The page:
I love the King Arthur Legend–Merlin, Malory, brave knights. That’s why I included Tintagel, supposed site of Camelot, on my Cornwall itinerary. Travel writer Kirsty Fergusson said, “You might be tempted to give it a miss” after encountering the crowds and tourist shops of modern-era Tintagel. But then she added that missing the castle where Arthur might have pulled the sword from the stone and the coastal walk would be a shame. I had to go there. Now I have to go back to see both.
Slow travel in Cornwall is the only way to get around, so Ruth and I didn’t arrive in Boscastle until afternoon. Boscastle, where our ancient hotel was located, was more than 4 miles from Tintagel, so we had to wait for a bus to take us there after checking in and hauling our luggage up to our tiny 3rd floor room. The hotel was too old to have elevators. After arriving in Tintagel, we had to walk through the town, a continuous string of unpleasant tourism-oriented stores, to get to King Arthur’s castle. I saw only 2 places of interest on this walk, A Cornish hall-house dating from the 14th century that survived because it became a post office and an Arthurian research center. To get to the castle meant either a descent down a steep, rugged path and then back up again or paying to take a shuttle. Ruth opted for the ride but I walked.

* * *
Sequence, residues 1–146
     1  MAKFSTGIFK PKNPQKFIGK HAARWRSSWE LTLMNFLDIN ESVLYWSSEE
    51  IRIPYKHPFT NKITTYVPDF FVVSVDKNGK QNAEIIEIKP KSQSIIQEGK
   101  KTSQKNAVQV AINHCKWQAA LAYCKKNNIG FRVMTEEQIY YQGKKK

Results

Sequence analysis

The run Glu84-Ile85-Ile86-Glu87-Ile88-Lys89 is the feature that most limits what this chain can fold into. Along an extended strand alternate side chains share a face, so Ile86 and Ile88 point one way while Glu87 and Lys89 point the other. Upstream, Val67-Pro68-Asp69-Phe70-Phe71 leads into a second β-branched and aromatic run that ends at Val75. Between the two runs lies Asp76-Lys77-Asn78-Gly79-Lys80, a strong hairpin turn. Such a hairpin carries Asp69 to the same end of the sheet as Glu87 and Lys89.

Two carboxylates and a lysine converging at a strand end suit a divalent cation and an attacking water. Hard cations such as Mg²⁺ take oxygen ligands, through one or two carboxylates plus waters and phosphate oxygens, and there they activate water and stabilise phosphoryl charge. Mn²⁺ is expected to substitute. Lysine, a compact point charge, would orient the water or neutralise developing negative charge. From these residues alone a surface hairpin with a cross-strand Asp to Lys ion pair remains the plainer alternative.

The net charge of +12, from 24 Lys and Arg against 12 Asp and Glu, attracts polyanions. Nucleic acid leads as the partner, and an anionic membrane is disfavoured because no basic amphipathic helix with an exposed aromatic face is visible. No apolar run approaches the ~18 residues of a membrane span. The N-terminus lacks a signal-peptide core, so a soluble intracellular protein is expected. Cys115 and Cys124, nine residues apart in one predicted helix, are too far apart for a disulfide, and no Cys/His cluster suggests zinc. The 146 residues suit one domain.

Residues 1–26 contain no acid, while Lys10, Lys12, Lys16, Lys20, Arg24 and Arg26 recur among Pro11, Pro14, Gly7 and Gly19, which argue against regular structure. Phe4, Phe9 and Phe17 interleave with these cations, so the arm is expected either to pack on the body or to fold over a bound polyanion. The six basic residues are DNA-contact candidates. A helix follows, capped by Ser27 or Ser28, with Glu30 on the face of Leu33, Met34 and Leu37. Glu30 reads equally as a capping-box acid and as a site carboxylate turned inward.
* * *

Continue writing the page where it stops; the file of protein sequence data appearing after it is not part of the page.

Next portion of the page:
When we met down below, we headed for the ticket booth. It was now approaching late afternoon and the entrance fee for each of us was close to £10. Then I read the sign that destroyed all my illusions. The castle on the island where King Arthur was supposedly born dated from 1230, centuries after Arthur would have lived in the area. It was built by Richard, Earl of Cornwall, not King Uther. Interest in the legend was at a high point in Richard’s time thanks to the success of Geoffrey of Monmouth’s retelling of the legend. I flashed on the picture of the modern, hole-filled Arthur sculpture I saw on almost every piece of tourist literature and had a melt down.
Waiting for the bus that would take us back to Boscastle, we met a couple who had started on the coastal path that Kirsty Fergusson raved about and found it difficult. Part of the reason why they abandoned it was the late-afternoon time. A more-than-four mile walk on a difficult path back to Boscastle seemed risky.
The next day at Launceston Castle, which I loved, the lady selling tickets said that keeping old castles up was a maintenance nightmare, especially the one at Tintagel on an exposed promontory overlooking the ocean. No wonder it cost so much to enter the island! She told us how to get a discount. Launceston Castle was also built by Richard, William the Conquerer’s half-brother. I was now filled with regret and vowed to return to Tintagel.